As a teenager, Gurudev moulded you and you have passed on these values to the family through the generations. That is wonderful!

Sri Naidu: I have to tell you about the hardships Gurudev faced in the initial years. Wherever he was called for bhiksha, he would go walking. He was once invited by Smt. Jayabala Gujar to her house in Raviwar Peth, adjacent to Rastha Peth, where Gurudev was staying. He went to her house and came back in the hot sun walking all the way.

Did he go for bhikshas even in those days?

Sri Naidu: Yes. Wherever he was called, he used to go. In those days, after bhiksha, people used to give a kind of coarse white long cloth to sannyasis. There was a choultry called Ananda Ma Dharmashala, which was run by one of my aunts. It was frequented mainly by South Indian travelers, sadhus and sannyasis. In the choultry, there was a bucket which had a hole in it. My aunt had fixed the hole by inserting a piece of cloth in it. Gurudev would dye the white long cloth by soaking it in saffron coloured water (gerua) in that bucket. His hands would remain red for a day or two.

It is because of Susheela  Mudaliar that we went to see Gurudev often. He used to keep a small steel trunk in which he would keep the addresses of those who met him. And it would be arranged systematically in the alphabetical order. He would send Yajna Prasad booklets to them. I remember the akhanda kirtan during the yajna. It was held at 329, Rastha Peth, Madrasi Dharmashala. In the evenings after his talk, he would join the kirtan and sit for a while. I still remember the tone in which he sang: Hare Rama Hare Rama, Rama Rama Hare Hare, Hare Krishna Hare Krishna, Krishna Krishna Hare Hare .. Everyone participated, taking, turns to chant. We would chant for one hour and then the next person or group would continue the chanting. It would go on day and night. In the wee hours, between two and four, it was difficult to get any volunteers. At such times, Gurudev would often come and chant.

Can you narrate some more incidents about the early days after the first yajna?

Sri Naidu: In 1951, soon after India’s independence, the Hindu-Muslim divide was there. So Gurudev organized a procession through Pune city to bring about unity among the Indians. The procession started from the temple, moved to Apollo Talkies, and then proceeded to the Cantonment area, which was populated with Anglo-Indian and Christian families, and then wound through the Muslim area of Bhavani Peth to end again at the Rastha Peth temple. I was also a part of that procession.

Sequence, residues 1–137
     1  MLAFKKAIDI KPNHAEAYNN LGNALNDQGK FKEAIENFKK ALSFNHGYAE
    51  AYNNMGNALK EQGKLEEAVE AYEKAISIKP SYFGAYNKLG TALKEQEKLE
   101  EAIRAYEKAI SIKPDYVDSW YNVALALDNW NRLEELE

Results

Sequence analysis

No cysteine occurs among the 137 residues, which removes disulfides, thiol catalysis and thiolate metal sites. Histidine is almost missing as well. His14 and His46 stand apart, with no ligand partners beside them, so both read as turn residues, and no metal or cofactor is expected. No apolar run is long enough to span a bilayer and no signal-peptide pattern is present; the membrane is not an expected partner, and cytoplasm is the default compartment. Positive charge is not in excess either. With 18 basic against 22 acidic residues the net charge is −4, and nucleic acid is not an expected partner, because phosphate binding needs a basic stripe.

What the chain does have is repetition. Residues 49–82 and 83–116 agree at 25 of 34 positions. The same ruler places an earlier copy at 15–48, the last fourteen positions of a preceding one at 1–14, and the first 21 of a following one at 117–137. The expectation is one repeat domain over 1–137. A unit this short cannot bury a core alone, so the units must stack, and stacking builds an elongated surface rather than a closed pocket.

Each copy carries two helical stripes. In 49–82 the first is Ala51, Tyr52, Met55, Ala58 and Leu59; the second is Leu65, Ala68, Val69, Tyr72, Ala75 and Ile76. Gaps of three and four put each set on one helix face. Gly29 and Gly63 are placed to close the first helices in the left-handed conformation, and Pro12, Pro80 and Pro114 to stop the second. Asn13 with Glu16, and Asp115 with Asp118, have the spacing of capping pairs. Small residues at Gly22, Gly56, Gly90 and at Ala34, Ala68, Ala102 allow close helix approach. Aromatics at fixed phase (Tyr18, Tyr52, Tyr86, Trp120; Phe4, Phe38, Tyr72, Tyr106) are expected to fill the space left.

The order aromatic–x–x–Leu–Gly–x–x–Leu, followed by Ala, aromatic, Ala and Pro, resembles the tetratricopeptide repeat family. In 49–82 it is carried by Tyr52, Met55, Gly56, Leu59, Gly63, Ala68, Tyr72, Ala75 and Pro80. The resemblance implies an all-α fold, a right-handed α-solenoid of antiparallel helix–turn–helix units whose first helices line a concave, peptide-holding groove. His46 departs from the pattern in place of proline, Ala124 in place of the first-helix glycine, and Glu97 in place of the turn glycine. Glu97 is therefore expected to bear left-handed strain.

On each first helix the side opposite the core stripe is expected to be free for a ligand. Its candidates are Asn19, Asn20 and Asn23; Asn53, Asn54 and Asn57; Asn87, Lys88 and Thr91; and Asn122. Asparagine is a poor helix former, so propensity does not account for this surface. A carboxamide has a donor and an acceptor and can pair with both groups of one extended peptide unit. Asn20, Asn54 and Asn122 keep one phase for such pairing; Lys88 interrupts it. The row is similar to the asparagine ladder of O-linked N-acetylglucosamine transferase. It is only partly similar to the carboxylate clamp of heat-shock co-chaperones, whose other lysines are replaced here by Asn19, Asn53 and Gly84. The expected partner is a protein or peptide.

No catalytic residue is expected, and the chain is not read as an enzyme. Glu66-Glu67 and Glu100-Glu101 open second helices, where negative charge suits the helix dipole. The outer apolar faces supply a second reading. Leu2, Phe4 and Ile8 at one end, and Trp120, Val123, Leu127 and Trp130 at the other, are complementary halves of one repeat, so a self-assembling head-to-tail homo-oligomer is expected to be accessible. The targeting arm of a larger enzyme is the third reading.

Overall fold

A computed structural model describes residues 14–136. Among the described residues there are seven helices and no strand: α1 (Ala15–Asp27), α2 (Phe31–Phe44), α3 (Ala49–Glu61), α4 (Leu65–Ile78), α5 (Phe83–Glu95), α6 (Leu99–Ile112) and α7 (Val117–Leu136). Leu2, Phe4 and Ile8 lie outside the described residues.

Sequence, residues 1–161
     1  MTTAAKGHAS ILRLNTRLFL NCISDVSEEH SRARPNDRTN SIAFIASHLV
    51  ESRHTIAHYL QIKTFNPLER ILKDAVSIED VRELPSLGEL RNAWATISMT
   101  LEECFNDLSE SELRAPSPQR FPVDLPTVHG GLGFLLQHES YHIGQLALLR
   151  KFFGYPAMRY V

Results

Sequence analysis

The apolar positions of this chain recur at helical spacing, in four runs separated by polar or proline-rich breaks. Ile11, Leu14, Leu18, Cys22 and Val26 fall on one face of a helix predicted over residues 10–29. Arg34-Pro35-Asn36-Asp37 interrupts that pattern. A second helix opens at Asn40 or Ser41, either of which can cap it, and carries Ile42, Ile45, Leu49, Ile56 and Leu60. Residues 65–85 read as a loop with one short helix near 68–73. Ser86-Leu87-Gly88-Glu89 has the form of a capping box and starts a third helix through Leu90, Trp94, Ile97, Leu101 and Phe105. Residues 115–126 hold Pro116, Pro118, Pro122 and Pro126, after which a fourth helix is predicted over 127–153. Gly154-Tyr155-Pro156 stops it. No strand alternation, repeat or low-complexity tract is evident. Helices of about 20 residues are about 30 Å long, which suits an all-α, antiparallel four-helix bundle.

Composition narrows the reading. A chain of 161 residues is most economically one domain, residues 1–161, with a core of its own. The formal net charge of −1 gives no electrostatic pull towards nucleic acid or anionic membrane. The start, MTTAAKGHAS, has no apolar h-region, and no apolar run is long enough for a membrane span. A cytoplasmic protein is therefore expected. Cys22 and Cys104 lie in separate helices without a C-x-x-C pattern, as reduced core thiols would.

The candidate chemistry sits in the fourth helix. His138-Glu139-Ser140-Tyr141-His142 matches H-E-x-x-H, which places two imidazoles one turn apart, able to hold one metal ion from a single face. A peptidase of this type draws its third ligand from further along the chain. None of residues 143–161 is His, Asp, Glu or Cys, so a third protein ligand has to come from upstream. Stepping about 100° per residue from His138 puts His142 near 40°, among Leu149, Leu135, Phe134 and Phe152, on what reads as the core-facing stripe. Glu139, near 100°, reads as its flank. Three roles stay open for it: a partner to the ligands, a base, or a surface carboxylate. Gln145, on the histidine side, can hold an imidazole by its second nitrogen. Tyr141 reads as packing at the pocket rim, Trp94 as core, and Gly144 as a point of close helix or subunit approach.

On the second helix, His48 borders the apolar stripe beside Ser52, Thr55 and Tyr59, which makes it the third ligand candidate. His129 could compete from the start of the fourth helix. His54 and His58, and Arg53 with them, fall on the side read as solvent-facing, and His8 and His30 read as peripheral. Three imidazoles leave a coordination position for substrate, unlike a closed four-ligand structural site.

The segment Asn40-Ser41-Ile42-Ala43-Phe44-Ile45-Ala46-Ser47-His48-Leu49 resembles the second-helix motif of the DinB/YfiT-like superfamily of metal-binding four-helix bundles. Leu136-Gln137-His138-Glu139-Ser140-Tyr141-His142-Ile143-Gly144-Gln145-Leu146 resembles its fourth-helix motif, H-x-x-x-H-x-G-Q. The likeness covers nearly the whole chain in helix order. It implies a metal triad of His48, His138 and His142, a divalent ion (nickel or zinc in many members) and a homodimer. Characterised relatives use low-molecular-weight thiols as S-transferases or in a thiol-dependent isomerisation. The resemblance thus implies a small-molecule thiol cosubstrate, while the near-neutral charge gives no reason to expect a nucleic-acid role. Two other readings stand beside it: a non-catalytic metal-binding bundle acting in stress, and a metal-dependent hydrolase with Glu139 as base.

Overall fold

How long did it take?

Sri Naidu: I do not remember exactly, but it took a very long time, maybe two hours or more… Gurudev was seated in an open car and we chanted Hare Rama Hare Krishna as we walked along. At one place, the merchants of the area had hung a basket filled with flower petals from the top of a building, and they tilted it when Gurudev’s car passed through. The flower petals fell on him. Gurudev got down from the car, enquired who had arranged it and congratulated them. Then the procession continued on its way Right from the first yajna, homam was performed with a homa kunda and Gurudev would sprinkle Ganges water on the devotees. He would tie a hand kerchief around his head. He used to look majestic!

I am told that Gurudev’s talks used to be transcribed immediately

Sri Naidu: Yes, cyclostyled copies of his talks would be distributed. That is how our Prasad Pustikas were in the beginning. My father used to receive them. I had often noticed Gurudev’s handwriting on the cover. My father used to send those booklets to me when I was in the Air Force. After retiring from the Air Force in 1962, I settled in Chinchwad, Pune. I started Balavihar in 1971, mainly for the sake of my children. I also took up other activities of the Mission. Christian and Muslim children would also come to attend the Balavihar classes. When my brother informed Gurudev about this, he replied, “What is the harm? Let them come.” Now my Balavihar children are grandmothers! My elder brother was in constant contact with Chinmaya Mission, especially with Sri Bhatia, during the period I was with the Air Force. They used to have a regular study group. My brother would write to me about Gurudev. When my son Narendra was four years old, he had memorized chapter twelve of the Bhagavad Gita. I attended a Balavihar program, where I met Gurudev and talked to him, thus renewing our personal contact.

Amma, can you share your memories of Gurudev?

Smt. Sunita Naidu: My husband would take me to attend Gurudev’s lectures, even though I did not understand English. We would go along with the children. They were young; Narendra was eight years old and Sadhana was three. Since the children might disturb the talk, we used to sit in the gallery, spreading a dhurrie (cotton rug). I would feed them and let them sleep. We would listen to the lecture peacefully and return home by the last train. After the children grew up, we could sit in the front seats for the talks. One day, we did not attend and Gurudev had asked Swami Purushottamananda, “Where are the four people who sit in the front row?” The next day, Swami Purushottamananda asked us the reason for our absence and we told him that we could not attend because Sadhana had fever.